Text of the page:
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Utah taking appeal of same-sex marriage ruling to U.S. Supreme Court

Wednesday, July 9, 2014
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Utah state capitol in Salt Lake City.

Utah state capitol in Salt Lake City.

Updated: 5:30 p.m. MDT

SALT LAKE CITY — Utah is going directly to the nation’s highest court to challenge an appellate ruling that gay couples have a constitutional right to marry, the state attorney general’s office announced Wednesday.

If the U.S. Supreme court decides to take the case, it will be the first time the top court considers gay marriage since justices last year struck down part of the federal Defense of Marriage Act.

“It is a milestone that when the Supreme Court reconvenes in October, there will be at least one (gay marriage) petition pending,” said Jon Davidson, director of Lambda Legal, which pursues litigation on LGBT issues nationwide.

The high court is under no obligation to the take the case, and it could wait for rulings from one or more of the five other appellate courts with gay marriage cases pending, legal scholars say.

But legal experts predict the nation’s top court will consider a gay marriage case sometime in 2015 or later.

Utah’s appeal is of a June 25 ruling from a three-judge panel of the 10th U.S. Circuit Court of Appeals in Denver, which found states cannot deprive people of the fundamental right to marry simply because they choose partners of the same sex.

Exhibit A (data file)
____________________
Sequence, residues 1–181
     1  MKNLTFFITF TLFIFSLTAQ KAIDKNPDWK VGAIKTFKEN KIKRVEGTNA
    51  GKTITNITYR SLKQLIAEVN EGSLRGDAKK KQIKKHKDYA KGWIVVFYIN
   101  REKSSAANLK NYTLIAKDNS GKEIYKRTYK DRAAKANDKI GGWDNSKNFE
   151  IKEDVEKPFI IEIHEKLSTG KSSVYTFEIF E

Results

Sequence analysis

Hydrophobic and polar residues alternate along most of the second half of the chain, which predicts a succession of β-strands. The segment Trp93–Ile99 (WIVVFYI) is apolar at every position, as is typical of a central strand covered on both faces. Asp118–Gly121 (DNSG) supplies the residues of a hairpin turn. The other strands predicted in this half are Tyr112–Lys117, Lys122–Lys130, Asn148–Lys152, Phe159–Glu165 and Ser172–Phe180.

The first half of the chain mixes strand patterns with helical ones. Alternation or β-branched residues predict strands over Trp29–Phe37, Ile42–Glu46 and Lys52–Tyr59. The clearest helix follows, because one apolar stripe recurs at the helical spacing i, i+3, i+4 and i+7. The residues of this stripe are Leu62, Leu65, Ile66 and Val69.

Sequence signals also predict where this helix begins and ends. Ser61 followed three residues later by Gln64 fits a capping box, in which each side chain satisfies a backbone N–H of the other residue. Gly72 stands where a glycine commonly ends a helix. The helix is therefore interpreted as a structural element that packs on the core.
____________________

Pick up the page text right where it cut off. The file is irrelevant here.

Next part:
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The 2-1 decision marked the first time a federal appeals court weighed in on the matter. The panel immediately put the ruling on hold pending an appeal.

The Utah case is certain to pique the Supreme Court’s interest, but the justices usually look for cases that involve split rulings from federal appeals courts, said Douglas NeJaime, a University of California-Irvine law professor.

The 4th U.S. Circuit Court of Appeals heard arguments about Virginia’s ban in early May, and a ruling is expected soon. Arguments are scheduled for August and September in two different courts for cases out of Michigan, Ohio, Kentucky, Tennessee, Nevada and Idaho.

“My best guess it that the court will hang onto this for a while and see what happens,” NeJaime said. “There are so many cases now, it will have a pick.”

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